First came the nausea.
Then the feeling of PTSD.
Next the holding of breath from snap to play’s end.
And now? Elizabeth Smith, the wife of Washington quarterback Alex Smith, has settled into the regular kind of dread, anxiety and worry that almost every NFL wife feels on game day.
“Now it’s the normal Sunday angst,” Elizabeth said this week in an interview with The Chronicle. “I guess it’s gotten a little easier.”
Alex Smith’s extraordinary journey — from severe football injury, possible death, probable limb amputation, grueling and lengthy rehabilitation to a return to the field as a starting NFL quarterback — is becoming the stuff of NFL lore.
But he’s not the only survivor in one of the most remarkable comebacks in sports history. Elizabeth, his partner every step of the way, doesn’t have a titanium rod in her leg, or mangled flesh from 18 surgeries. But she carries plenty of scars.
“She bore as much, if not more, of the brunt than I did,” Alex said. “I only worried about myself. I was so helpless.”
It was Elizabeth who, in November 2018, witnessed the compound fracture and mangled leg as her husband was close to unconsciousness on the field. It was Elizabeth who watched as he went into septic shock in the hospital and was told he might die. It was Elizabeth who had to initially speak with doctors and process the real possibility of amputation. It was Elizabeth who nursed Alex for months after his release.
“She had three small kids, a household, and a husband that needed hourly attention,” Alex said. “I couldn’t go to the bathroom by myself. I had to take medicine every hour. She was a wife. A nurse. She has more invested in this than anybody.”
And it is now Elizabeth who holds hands with her three young children as they watch their daddy play football again.
“I was not on board with this, for a long time,” she said. “First of all, a return wasn’t really plausible. But as he got closer and closer, when he was medically cleared to play, we had to sit down and have some long conversations.”
Throughout his rehabilitation, Alex didn’t want to be controlled by fear. He didn’t want to limit himself. He just tried keep moving forward, step by step.
“At first, it was so far off that everyone said, ‘Oh sure,’ just to appease me,” Alex said. “But then I was finally right on the doorstep. At that point, she was fully behind me.”
Suddenly, the next step was actually playing in the NFL again.
“It would have been selfish for me to hold him back,” Elizabeth said. “It took so much mentally, physically, emotionally to get to this point. He wanted to prove to himself that if he could do this, he could do anything.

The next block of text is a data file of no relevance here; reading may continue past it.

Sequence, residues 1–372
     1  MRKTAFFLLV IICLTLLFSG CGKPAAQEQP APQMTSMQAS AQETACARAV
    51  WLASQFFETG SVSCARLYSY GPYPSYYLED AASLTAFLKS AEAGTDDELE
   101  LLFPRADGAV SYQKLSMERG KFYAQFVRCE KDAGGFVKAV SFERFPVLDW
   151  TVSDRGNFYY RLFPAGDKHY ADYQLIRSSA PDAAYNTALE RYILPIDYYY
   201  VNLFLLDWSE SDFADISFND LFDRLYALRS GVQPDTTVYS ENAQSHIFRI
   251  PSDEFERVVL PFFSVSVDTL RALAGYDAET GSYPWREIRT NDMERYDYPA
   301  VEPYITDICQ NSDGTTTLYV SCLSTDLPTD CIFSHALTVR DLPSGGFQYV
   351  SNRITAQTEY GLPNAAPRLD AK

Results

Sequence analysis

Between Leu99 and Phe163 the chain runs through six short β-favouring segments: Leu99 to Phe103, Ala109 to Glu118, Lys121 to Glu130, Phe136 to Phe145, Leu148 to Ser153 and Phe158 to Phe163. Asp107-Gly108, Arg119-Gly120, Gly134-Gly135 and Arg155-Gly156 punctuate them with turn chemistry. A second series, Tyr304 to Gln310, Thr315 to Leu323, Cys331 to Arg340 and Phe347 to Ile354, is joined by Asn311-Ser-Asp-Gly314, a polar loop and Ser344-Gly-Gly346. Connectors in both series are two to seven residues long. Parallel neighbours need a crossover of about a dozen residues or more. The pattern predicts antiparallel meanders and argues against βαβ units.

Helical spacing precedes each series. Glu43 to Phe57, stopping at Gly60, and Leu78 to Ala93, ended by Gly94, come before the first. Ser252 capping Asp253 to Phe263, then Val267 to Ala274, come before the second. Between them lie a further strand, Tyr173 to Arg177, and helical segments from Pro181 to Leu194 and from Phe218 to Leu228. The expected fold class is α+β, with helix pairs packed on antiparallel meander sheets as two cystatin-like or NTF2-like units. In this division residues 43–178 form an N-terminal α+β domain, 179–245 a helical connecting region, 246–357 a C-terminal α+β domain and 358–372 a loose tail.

“I couldn’t be the selfish one. He would have always regretted it.”
At first Alex was just happy to make the Washington roster. Nice story, right? But then starting quarterback Dwayne Haskins was benched and dropped to third on the depth chart, so Alex was elevated to No. 2 behind Kyle Allen.
On a wet day in October, Elizabeth and Hudson, 9, Hayes, 7 and Sloane, 5, were sitting in the stands in their ponchos at FedExField for the Rams game, and saw Alex come out of the tunnel in his uniform for the first time in almost two years.
“It was very emotional to see him walk out,” she said. “But I never thought he’d step into the game. When I realized Kyle was hurt, my heart sank.”
Allen was injured late in the second quarter, and Alex entered the game. On his third snap he was sacked by the league’s most ferocious pass-rusher, Aaron Donald.
“To say I had anxiety is quite the understatement,” Elizabeth said. “I really did think I was going to throw up.”
Allen returned to the starting job the next week but was injured again three weeks later in the first quarter against the Giants. Smith came into that game on Nov. 8 and has been the starter ever since.
Washington is a young team, in need of veteran leadership and with a coach in Ron Rivera who values character. In that way, it is an ideal fit for Alex, whose on-field contributions have always been complimented by his ability to teach, lead and model hard work.
The 5-7 team has won three in a row, including an upset Monday over the previously undefeated Steelers, and is surprisingly in the playoff hunt. Smith has taken 335 snaps in the past five weeks.
“It still seems surreal,” Elizabeth said. “If you had told me this in April, I would have said you were insane.”
Hayes and Sloane were too young to really remember their father playing, so they have new memories. With fans now prevented from most games, the family gathers around the television. On Monday, Elizabeth started to panic when she saw blood dripping down her husband’s leg until Hudson pointed out it was dad’s left leg, not the rebuilt right one still covered by a vulnerable flap of skin.
“That got me going for a second,” Elizabeth said.
As Alex’s story has gained momentum, his following has swelled. During his rehabilitation, he worked closely with the Center for the Intrepid, a San Antonio facility for service members with severe limb injuries, and he took inspiration from those veterans. Now he is providing inspiration for others who face adversity, either due to injury or some other kind of setback.
Dating to his difficult days as the 49ers’ starter, Smith has always been mentally tough.
“I know, as his wife, how hard Alex works at anything that’s in front of him,” Elizabeth said. “Throughout this, I think other people now realize the competitor he is. The spirit he has. The kind of man he is.”
Alex, who was drafted by the 49ers in 2005, has two years left on his contract. Everyone wants to know what happens next, including Elizabeth who, as the family organizer, has to plan. The family is building a “forever home” in Woodside and will plan to settle in the Bay Area whenever Alex’s career is over.
“I’m loving this right now, and living it week to week,” Alex said. “But when the season’s done I owe my wife the chance for some input.”
After all, Elizabeth carries scars, too.